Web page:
Famous Puppet Death Scenes
nytheatre.com review by Anthony Nelson
January 18, 2007
The promotional materials for Famous Puppet Death Scenes promise that the show will "cure your fear of death." The show, created by Old Trout Puppet Workshop and directed by Tim Sutherland, may not quite achieve that remarkably lofty goal, but the balance it strikes between moments of profundity and hilarity is well worth experiencing.
The show begins simply, with one round-headed puppet alone. Above him appears a giant hand, poised to strike. After the deathblow has been swiftly and humorously administered, we meet our MC for the evening, Nathaniel Tweak, a wild-haired puppet who explains that he, an expert in the art of puppetry, has compiled an evening of the finest puppet death scenes that he has ever encountered. And this is what we see—a cavalcade of doomed puppets who meet their demise in an impressive variety of ways.
Many of the puppets are truly spectacular pieces of art, presented in fascinating and diverse environments. The eye of a whale, which is a huge blinking white mass in a knobby darkness, is an incredible achievement.
There are serious scenes, such as a moving portrait of an old man sitting silently as his clothes are gradually stripped away, and there are humorous scenes, like one featuring a pair of doomed characters on a German version of Sesame Street. Some of the most effective scenes swing from tragedy to humor in seconds; in one, a woman comes home to find her husband has hung himself. Overcome with grief, she flings herself towards the mantle and clutches a framed photo of him, weeping, unable to bear looking at his actual body. She then does herself in with a handgun, and the remaining members of the family arrive one by one to do the same thing. Finally, an old man appears, and dances with glee for a moment before one of the corpses sits up and shoots him.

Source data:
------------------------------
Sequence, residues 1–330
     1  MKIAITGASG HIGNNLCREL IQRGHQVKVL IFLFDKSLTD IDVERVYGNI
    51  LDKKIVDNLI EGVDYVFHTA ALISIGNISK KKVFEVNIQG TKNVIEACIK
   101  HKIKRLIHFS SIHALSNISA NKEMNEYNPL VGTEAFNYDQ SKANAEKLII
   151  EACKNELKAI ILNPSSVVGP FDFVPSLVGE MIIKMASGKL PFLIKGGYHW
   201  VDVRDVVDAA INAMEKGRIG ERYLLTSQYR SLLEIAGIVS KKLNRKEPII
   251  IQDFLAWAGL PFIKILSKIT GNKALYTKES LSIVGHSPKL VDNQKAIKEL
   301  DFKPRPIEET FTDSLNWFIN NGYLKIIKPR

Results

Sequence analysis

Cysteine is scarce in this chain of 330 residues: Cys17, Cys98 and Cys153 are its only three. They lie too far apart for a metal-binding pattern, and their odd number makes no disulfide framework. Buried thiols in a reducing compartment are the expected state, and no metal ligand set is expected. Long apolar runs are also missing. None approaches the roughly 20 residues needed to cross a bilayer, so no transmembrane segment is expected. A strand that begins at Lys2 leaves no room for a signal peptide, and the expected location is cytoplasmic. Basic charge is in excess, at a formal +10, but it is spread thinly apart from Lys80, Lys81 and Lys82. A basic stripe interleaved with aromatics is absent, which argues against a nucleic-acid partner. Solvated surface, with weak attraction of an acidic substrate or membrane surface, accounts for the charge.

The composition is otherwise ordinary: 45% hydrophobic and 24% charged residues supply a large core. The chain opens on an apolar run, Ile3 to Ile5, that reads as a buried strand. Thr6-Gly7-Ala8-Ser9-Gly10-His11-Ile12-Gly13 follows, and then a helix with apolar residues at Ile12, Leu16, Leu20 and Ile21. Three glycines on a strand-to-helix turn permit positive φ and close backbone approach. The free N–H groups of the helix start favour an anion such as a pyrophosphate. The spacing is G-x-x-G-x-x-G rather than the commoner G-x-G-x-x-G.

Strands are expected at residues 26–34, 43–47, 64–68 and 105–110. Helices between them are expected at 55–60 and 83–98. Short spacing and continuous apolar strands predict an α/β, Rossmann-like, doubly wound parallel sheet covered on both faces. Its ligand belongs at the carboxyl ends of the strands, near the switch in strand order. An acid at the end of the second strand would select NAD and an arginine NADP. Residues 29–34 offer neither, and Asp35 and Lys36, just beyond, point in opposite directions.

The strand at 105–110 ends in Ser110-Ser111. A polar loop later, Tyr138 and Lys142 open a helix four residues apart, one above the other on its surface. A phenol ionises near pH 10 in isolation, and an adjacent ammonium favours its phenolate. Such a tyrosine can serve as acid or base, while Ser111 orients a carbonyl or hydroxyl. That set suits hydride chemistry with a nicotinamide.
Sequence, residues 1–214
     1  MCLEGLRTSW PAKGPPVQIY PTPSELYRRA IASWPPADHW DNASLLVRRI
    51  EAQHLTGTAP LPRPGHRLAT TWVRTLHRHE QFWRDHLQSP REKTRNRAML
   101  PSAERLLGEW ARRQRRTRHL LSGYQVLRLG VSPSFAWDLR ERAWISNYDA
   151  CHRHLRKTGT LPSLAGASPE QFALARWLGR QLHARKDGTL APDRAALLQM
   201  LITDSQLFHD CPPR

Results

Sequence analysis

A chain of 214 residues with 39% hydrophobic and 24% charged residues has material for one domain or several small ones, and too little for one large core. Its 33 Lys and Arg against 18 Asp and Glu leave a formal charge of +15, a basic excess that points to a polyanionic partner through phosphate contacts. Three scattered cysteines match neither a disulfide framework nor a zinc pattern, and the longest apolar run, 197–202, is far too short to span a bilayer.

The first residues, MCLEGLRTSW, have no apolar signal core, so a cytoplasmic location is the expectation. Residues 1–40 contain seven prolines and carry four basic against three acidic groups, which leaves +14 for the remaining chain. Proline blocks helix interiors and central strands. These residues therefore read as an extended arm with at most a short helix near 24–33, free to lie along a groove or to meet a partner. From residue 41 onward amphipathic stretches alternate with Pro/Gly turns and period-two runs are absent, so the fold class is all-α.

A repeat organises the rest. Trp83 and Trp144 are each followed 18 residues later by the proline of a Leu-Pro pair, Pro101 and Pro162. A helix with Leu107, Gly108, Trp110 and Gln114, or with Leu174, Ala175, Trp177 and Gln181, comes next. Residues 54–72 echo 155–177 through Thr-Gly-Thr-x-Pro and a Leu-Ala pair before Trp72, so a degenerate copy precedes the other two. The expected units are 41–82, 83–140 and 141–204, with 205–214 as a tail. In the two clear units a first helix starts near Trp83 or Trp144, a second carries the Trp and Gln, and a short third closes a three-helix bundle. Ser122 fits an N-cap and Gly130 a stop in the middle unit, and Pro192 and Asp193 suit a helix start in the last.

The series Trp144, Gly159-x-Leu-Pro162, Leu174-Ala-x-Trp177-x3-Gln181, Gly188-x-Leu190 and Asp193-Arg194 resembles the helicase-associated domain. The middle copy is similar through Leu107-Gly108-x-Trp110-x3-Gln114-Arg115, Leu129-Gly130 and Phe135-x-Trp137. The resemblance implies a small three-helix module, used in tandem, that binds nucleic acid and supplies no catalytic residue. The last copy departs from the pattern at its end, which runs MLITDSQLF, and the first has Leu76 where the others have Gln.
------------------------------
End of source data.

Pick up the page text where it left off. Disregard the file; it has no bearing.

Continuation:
These various scenes combine to create an experience that leaves us with the simple but powerful message that life (and death) is mysterious and terribly, terribly odd, so we should all calm down and simply appreciate it as much as possible.
Cimmeron Meyer's shadowy lights create a creepy, vaudeville atmosphere that serves the performance extremely well.
I'm not sure which member of the listed cast (Peter Balkwill, Mitch Craib, Pityu Kenderes, and Judd Palmer) does what, but their performances are all exceptional; whoever operates and voices Nathaniel Tweak creates a wonderful moment in the final scene. As Tweak prepares to face his own death, the performer gently removes his hand from the back of the puppet, and picks it up, gently cradling it. The simple gesture beautifully evokes the moment of death, where friends and family can support and comfort, but they can no longer journey with you.
The program, with a tongue-in-cheek manifesto from Nathaniel Tweak, instructs us to "please endeavor to care as much as possible." No audience member should find this a problem.